A brief paragraph describing the Student Learning Outcome(s) the course addresses, how it addresses these outcomes, and how the learning that is associated with the outcome will be assessed.
Additional syllabus guidelines:
- For existing courses, the syllabus must be for a term within the past two years.
- For courses under development, the syllabus may be provisional but still must document how the course will meet the LE requirement(s), as indicated above. A list of lecture topics or discussion topics should be included, with the understanding that dates, schedules, and readings may be tentative.
- The syllabus needs to conform to the University Senate Syllabi Policy, approved December 6, 2001. It should be in English, or with an English translation provided.
- Formatting is often lost when material is copied and pasted into the system. Try to keep formatting simple.
All liberal education courses must:
- explicitly help students understand what liberal education is, how the content and the substance of this course enhance a liberal education, and what this means for them as students and as citizens;
- meet one or more of the Student Learning Outcomes (SLOs). In the syllabus you submit, specify which of the SLO(s) that the course meets, how it addresses the outcome(s), and how the learning that is associated with the outcome(s) will be assessed;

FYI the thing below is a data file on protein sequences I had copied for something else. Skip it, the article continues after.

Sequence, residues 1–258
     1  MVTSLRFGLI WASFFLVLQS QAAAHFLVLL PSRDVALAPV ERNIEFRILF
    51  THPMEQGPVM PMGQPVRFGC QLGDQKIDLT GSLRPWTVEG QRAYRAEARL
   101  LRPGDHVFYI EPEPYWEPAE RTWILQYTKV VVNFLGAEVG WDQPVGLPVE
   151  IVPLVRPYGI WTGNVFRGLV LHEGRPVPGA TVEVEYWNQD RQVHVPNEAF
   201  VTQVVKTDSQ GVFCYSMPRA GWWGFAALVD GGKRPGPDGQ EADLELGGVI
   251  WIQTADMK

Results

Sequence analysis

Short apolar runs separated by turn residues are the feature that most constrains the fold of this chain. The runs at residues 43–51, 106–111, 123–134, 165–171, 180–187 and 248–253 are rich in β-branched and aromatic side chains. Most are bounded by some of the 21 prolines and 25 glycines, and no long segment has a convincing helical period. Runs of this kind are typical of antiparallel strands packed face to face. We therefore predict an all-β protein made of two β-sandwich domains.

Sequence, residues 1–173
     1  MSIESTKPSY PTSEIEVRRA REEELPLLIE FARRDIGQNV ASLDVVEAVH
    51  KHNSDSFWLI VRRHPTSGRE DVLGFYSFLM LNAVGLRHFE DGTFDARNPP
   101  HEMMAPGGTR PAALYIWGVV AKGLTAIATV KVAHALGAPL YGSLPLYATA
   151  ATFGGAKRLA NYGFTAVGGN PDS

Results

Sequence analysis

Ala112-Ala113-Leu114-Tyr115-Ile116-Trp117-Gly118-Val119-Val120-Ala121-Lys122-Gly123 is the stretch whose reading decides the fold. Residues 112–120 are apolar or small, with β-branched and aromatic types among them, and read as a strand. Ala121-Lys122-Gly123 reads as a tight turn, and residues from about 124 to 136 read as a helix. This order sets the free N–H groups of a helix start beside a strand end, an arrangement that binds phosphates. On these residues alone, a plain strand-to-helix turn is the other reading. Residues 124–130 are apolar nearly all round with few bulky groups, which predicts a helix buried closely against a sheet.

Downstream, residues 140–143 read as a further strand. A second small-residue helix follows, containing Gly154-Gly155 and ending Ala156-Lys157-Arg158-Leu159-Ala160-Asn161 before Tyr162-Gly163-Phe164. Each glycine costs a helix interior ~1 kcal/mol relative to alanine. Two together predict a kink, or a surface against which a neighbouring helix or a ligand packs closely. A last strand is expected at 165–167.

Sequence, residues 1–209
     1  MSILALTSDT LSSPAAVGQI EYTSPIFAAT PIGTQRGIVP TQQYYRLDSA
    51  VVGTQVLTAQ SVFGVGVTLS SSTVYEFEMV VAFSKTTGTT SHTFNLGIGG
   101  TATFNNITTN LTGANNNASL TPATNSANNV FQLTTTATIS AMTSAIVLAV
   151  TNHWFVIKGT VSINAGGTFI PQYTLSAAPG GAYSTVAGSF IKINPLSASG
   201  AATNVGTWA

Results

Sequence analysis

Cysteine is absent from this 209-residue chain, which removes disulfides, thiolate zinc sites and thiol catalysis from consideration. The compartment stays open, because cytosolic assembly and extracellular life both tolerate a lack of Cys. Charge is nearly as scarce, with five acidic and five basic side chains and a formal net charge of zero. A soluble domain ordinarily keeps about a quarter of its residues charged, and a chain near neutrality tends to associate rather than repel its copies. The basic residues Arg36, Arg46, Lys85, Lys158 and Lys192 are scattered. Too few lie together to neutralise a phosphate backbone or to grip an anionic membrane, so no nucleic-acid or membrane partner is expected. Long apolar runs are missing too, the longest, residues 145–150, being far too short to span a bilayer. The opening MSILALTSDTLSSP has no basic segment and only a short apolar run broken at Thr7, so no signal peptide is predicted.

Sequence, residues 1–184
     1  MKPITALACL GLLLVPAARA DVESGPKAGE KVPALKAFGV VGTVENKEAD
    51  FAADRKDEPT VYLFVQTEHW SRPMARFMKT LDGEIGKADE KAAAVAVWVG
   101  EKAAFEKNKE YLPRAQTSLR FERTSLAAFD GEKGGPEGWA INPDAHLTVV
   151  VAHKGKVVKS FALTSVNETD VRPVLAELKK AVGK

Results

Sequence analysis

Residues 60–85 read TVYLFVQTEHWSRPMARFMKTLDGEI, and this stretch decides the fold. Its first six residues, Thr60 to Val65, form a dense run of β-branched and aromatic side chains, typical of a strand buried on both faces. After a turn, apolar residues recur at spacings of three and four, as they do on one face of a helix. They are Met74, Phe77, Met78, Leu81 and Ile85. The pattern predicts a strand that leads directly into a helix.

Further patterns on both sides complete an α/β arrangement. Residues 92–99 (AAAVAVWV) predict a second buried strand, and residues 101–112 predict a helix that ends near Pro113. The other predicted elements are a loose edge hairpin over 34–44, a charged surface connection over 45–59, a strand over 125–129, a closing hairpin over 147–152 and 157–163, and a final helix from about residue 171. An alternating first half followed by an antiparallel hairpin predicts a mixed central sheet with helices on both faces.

- be offered on a regular schedule;
- be taught by regular faculty or under exceptional circumstances by instructors on continuing appointments. Departments proposing instructors other than regular faculty must provide documentation of how such instructors will be trained and supervised to ensure consistency and continuity in courses;
- be at least 3 credits (or at least 4 credits for biological or physical sciences, which must include a lab or field experience component).
Guidelines for all Theme courses
All Theme courses have the common goal of cultivating in students a number of habits of mind:
- thinking ethically about important challenges facing our society and world;
- reflecting on the shared sense of responsibility required to build and maintain community;
- connecting knowledge and practice;